[wordpress is being incredibly slow and not uploading the photos fast enough for my satisfaction, so either be friends with me on facebook or be patient and I’ll load some more soon, I promise!]

 

 

 

 

Sunrise

Sunrise

 

Start line

These kids are so stoked!! These kids are so stoked!!

 

 

Image

Finisher!!!

Finisher!!!

Aka, me, Jeff. We look pretty bad ass, not gunna lie
Aka, me, Jeff. We look pretty bad ass, not gunna lie

La Fuerza de la Eneria

I remember when I was in Chile, as an exchange student in high school, contributing to a conversation in class about energia. I think we were talking about life after death, souls, heaven, hell—I probably didn’t understand most of the conversation but my contribution in Spanish was La energia no se puede distruir ni crear…siempre exsite. Energy can’t be created or destroyed, it always exists. I think this was my way of being spiritually awakened at age 17—not knowing (still not knowing) what I believe about life and death and souls and spirits. But I do know that I believe in energy; especially the power and effect of positive energy.

 

I decided earlier this week that I was going to run my longest run yet and practice running in the hotness of the day—I need to train in the heat for prepare for the race in February. After chatting with a friend last night about my hopes for today’s run I asked her to send some positive energy my way around 10:30am, about an hour after I planned on beginning, right when I knew I would need it. She agreed and said she’d send it for sure!

9:15 and I was sweating before I could tie my shoes. This week in Thailand has been unbelievably hot and humid—perfect for heat and humidity training I suppose but difficult to stay hydrated even when I’m not running. My run was to consist of two five-mile loops (I think it’s a five mile loop…) first one I finished no problem; it’s my normal daily run. Embarking on the second loop I could feel my legs and sweat glands working extra hard, I was dreaming of the Gu and water bottle I stashed two miles from where I was. Gummy mouth and energy waning, I needed some water and a few calories.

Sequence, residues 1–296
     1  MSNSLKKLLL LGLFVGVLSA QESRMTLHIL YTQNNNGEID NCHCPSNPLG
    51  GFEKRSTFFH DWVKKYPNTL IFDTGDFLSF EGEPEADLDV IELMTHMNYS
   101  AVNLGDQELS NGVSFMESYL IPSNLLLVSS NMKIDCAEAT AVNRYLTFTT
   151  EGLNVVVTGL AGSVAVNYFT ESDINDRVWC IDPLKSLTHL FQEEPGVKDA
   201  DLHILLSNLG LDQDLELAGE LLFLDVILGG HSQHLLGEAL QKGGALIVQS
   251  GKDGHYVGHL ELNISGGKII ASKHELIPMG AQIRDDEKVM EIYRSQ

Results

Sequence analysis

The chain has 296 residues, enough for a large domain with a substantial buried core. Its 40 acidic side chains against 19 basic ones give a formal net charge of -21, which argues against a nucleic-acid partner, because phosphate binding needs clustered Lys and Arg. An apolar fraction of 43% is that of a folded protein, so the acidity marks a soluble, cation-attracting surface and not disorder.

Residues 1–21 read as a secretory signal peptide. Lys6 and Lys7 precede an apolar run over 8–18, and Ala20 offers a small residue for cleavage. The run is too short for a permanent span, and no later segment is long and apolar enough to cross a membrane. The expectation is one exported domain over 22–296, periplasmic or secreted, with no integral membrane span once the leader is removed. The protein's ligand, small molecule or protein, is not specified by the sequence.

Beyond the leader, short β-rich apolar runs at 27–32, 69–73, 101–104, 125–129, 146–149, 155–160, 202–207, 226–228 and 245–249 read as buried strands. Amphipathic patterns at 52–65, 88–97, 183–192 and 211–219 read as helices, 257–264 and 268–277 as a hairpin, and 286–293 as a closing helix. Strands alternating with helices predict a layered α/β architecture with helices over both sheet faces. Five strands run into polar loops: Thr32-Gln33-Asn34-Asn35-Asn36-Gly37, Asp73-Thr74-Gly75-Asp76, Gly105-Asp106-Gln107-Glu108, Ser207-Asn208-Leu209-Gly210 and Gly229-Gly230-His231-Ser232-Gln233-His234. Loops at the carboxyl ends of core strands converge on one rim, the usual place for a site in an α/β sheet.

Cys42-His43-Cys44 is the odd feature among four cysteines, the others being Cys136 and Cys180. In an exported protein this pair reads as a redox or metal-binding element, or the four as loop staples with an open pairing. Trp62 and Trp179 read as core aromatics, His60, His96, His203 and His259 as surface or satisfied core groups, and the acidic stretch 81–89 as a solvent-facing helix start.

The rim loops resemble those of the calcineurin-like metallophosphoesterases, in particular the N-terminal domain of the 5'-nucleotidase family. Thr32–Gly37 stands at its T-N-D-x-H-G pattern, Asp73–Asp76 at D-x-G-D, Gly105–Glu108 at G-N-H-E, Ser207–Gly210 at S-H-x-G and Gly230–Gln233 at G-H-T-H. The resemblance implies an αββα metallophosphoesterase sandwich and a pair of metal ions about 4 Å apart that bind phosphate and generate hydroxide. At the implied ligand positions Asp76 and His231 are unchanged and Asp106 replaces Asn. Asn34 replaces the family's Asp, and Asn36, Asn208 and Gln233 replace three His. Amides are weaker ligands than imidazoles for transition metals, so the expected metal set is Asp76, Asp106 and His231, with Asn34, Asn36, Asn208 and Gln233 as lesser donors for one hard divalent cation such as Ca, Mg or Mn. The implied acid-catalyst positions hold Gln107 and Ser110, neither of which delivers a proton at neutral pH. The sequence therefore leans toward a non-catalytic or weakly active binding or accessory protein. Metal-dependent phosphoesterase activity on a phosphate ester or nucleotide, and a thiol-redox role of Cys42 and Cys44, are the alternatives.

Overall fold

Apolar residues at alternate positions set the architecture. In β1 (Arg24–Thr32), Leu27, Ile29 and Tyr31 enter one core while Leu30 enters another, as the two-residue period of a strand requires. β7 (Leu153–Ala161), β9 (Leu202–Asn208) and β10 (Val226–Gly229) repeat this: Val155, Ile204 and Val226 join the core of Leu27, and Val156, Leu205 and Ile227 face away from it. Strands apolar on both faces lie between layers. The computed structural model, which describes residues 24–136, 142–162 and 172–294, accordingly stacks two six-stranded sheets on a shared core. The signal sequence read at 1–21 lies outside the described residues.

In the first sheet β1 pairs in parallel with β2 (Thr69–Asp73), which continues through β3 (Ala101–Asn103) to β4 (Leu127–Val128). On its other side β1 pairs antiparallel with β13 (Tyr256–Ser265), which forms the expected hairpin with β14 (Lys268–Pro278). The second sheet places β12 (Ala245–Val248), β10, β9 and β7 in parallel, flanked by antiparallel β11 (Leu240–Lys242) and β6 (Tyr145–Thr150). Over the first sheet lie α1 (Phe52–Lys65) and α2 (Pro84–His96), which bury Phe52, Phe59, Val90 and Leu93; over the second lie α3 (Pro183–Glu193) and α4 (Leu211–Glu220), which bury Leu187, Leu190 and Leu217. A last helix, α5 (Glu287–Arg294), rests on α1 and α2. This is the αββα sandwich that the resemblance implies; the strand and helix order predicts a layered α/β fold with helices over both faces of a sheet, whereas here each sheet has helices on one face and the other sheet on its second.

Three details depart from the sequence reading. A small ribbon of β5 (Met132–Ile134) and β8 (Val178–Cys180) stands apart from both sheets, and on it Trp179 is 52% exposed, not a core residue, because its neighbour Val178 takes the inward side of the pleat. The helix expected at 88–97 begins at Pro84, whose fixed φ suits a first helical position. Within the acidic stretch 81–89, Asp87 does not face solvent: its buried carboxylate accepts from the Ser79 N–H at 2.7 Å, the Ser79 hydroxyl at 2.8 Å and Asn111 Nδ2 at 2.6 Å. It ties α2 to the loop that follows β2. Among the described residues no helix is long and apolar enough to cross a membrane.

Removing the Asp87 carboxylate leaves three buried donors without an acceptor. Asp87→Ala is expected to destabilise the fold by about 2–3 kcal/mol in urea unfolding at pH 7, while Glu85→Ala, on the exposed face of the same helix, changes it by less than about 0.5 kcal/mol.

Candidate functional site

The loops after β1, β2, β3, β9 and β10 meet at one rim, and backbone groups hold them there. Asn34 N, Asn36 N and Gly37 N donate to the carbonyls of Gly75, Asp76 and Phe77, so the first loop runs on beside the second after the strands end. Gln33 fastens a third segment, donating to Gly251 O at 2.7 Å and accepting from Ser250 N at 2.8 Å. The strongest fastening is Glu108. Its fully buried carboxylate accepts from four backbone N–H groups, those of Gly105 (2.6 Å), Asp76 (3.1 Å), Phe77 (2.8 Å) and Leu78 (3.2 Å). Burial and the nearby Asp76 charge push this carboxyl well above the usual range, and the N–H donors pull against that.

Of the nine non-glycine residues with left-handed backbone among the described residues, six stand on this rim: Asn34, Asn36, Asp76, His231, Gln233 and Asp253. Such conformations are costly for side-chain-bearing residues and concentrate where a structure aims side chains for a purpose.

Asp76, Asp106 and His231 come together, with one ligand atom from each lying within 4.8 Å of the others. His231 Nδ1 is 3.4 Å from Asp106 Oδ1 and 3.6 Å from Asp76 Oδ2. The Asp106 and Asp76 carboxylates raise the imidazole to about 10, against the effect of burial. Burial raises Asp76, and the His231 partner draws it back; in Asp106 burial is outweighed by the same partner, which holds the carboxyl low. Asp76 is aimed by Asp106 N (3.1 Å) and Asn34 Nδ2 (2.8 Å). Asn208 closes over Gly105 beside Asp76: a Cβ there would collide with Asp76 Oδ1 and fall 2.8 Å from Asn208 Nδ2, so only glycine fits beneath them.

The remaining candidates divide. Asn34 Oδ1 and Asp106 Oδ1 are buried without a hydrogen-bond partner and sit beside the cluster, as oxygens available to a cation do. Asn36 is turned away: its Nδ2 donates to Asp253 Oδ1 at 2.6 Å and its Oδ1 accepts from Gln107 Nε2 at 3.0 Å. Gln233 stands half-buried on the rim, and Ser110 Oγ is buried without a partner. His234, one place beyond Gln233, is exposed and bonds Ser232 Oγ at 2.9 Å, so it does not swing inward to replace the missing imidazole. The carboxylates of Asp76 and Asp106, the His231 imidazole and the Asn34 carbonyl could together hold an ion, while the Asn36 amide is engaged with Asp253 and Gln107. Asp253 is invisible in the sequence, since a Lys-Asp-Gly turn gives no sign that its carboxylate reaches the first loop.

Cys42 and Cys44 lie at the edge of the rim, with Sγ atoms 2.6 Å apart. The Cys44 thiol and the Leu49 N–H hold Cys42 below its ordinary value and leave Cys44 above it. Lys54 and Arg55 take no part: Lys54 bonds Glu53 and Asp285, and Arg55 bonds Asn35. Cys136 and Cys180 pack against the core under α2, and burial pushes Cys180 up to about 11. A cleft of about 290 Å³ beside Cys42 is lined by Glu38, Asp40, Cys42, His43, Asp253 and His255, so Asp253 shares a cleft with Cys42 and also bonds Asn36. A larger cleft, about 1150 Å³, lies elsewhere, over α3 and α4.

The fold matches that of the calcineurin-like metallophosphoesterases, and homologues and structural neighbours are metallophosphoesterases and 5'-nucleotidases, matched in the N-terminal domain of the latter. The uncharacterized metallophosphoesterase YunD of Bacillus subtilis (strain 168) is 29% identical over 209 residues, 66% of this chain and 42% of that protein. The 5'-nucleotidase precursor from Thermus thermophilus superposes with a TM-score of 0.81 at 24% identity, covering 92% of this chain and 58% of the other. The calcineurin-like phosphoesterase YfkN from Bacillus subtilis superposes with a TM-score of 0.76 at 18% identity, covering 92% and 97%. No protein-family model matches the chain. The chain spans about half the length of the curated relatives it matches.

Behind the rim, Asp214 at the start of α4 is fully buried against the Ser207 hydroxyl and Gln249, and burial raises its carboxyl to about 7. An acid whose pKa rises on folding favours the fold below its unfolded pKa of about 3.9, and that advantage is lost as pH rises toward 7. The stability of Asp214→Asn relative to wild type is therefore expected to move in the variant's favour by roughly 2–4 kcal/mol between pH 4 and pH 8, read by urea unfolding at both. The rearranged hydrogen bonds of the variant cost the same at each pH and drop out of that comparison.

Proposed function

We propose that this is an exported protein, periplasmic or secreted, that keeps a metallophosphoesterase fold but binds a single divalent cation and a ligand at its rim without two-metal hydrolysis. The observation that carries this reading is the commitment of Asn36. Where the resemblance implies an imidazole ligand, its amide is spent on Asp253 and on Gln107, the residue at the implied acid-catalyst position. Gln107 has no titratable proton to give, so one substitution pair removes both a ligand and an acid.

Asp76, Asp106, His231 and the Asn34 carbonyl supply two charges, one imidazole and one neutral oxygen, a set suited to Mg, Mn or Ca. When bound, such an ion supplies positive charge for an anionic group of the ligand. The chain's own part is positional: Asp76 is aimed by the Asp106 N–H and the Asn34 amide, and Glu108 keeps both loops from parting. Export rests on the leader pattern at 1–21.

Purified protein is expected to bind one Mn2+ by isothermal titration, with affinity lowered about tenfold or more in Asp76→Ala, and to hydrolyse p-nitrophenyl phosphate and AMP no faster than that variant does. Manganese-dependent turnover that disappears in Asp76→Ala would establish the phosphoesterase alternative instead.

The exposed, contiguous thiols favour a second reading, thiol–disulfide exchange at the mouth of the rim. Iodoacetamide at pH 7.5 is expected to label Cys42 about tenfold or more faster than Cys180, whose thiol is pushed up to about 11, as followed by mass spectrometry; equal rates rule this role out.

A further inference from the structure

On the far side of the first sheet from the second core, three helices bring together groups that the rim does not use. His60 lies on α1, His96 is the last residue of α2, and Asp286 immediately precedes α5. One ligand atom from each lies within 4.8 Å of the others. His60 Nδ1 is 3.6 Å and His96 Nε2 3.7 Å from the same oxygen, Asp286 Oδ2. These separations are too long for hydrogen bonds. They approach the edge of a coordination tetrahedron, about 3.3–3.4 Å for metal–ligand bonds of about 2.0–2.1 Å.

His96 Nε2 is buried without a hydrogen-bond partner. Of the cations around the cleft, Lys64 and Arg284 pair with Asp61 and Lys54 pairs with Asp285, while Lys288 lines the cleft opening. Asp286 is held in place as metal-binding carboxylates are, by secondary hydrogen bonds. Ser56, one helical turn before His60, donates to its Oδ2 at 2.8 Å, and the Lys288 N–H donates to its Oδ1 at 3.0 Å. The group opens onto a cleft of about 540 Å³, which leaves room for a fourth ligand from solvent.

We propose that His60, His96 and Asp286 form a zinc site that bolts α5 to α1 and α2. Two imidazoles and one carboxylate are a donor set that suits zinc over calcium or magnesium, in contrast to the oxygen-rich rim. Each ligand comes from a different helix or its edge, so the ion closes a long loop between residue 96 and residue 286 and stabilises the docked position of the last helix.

As I started a bit of down hill I began to feel a bit better, I knew I was getting closer to my hydration, I also looked at my watch and it was 10:31. I smiled and knew my friend was sending me the energy that I needed at that exact moment. I reached my bottle and Gu and kept going trying to hone in on this feeling of feeling okay, not great but not horrible.

As I reached one of my favorite temple ruins I saw a group of 5 monks dressed in gold sitting in the grass facing a group of Thai Buddhist wearing white—they were meditating, creating energy for themselves and appreciating the day. I was feeling a bit needy and mentally asked them for some energy—I had another 30 minutes of this run to get through and needed all the help I could get. At this point I had stopped sweating and was beginning to feel chilled, not the best sign when it’s 98 degrees and I was only able to hold down half the gel and a few sips of water. I asked and took the energy, I’d like to think they knew they were helping the farang though the hot run.

I finished strong. I walked the last 500 meters to my apartment door and smiled at what I had just experienced. Not only my longest run in Thailand but the power of the mind and focus it takes to decide to set out and do something. I don’t know if the energy literally came my way—I’m saying it did, and it helped. And believing in the energy doesn’t hurt…so spread it, share it, give it, receive and appreciate it.

Post run energy--coffee yen!

Post run energy–coffee yen!

 

74, 25, 1

10% and 90%? No. 50% and 50%? No. 75% and 25%? That’s probably closer.

 

This is me trying to figure out the mental to physical strength I’m going to need in February. Yep, you guessed it, I signed up for a 50K trail run in Thailand. What the fuck am I thinking? Part of me said after I entered my credit card into the little box. This is going to be awesome! The other part was saying. 5:30am is not a good time to make big decisions, but I threw down the money and now I have to begin training—for realz.

 

74% mental: (I know, you think I’m nuts…bear with me) 50K is what? Like 30-something miles? That’s a lot of time on your feet, a lot of time in your brain, a lot of time to talk yourself out of something. Or in my case I’m pretty good at talking myself into things. Being here in Thailand is tough on my brain, on my emotions and on my regular life routine. Running has been a savior, if I can convince myself that 89 degrees isn’t that hot (mostly because yesterday was 94 degrees) and I can go out and run—I’m golden. Just 7-10 hours of that on race day and done is done!

 

25% physical: So yeah, I do have to train for this thing. My current idea of a training plan is as follows:

 

6xweek: run

2xweek: 2 a day runs

3-4xweek: yoga

1xweek: try to get out for over 2 hours (we’ll see how this goes)

 

Other activities: badminton, push-up, squats, lunges…etc.

 

By February 2nd it’s just going to be another long day in woods…right?

 

Wait wait wait!!! Where’s that extra 1% ? you ask?

 

1%: Support. Cheerleaders. Positive energy. Love. And Gu… don’t forget the Gu.